White House Releases NSA Reform Report, Recommends "Aggressive" Program Changes

On Wednesday afternoon, the White House made public the official recommendations for the National Security Agency's surveillance programs in the years to come — a review conducted by an independent board on President Obama's request. The board has recommended dozens of reforms to the controversial programs, including advising the NSA to give away the extensive data the agency has collected from the phone calls of regular Americans. It's estimated that's about one trillion records.

This summer, after former analyst Edward Snowden sensationally released hundreds of thousands of classified documents — essentially leaking the shocking extent of NSA spying programs — Obama swore to implement checks and balances on the programs. The aim, ostensibly, was to ensure transparency, but it's no secret that the White House wants to rescue America's credibility and the federal government's reputation to boot.

"It’s not enough for me, as president, to have confidence in these programs," Obama said at the time. "The American people need to have confidence in them as well."

The reforms would include the NSA's phone records being handed over to a third party, such as phone companies. It would also ban the NSA from undermining global encryption standards (ya know, as they've been doing for a while) and destroying potentially catastrophic hacking tools (think the Internet equivalent of a nuclear weapon.)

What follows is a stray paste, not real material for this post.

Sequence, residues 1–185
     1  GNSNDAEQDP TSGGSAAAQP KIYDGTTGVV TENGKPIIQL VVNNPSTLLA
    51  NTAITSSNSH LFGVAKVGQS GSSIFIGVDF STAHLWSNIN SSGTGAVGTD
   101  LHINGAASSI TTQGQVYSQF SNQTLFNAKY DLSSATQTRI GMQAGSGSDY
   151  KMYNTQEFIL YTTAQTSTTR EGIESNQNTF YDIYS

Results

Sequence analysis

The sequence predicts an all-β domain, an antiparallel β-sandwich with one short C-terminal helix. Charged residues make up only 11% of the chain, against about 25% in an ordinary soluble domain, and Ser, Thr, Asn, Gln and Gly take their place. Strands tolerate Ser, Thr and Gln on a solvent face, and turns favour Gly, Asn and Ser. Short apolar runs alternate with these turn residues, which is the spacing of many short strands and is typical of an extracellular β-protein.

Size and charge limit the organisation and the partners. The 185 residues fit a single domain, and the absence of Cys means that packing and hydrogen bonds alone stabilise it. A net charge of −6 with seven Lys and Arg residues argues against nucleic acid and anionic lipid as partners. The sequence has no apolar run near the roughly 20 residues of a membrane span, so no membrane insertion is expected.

The offensive and defensive sectors of the NSA, at present working together, would be clearly separated under the reforms. The goal is to separate "defensive" tactics from "offensive" measures more clearly.

The White House can pick and choose which of these reforms to implement, if any, and WaPo indicates that it has little intention of actually severely amending the NSA's programs. But the backlash against the surveillance measures has intensified recently: a federal judge indicated that the NSA's programs were unconstitutional by nature, and at a routine Obamacare promo event Tuesday, tech giants including Google, Apple, and Facebook grilled the President on why he thought it necessary to undermine their companies.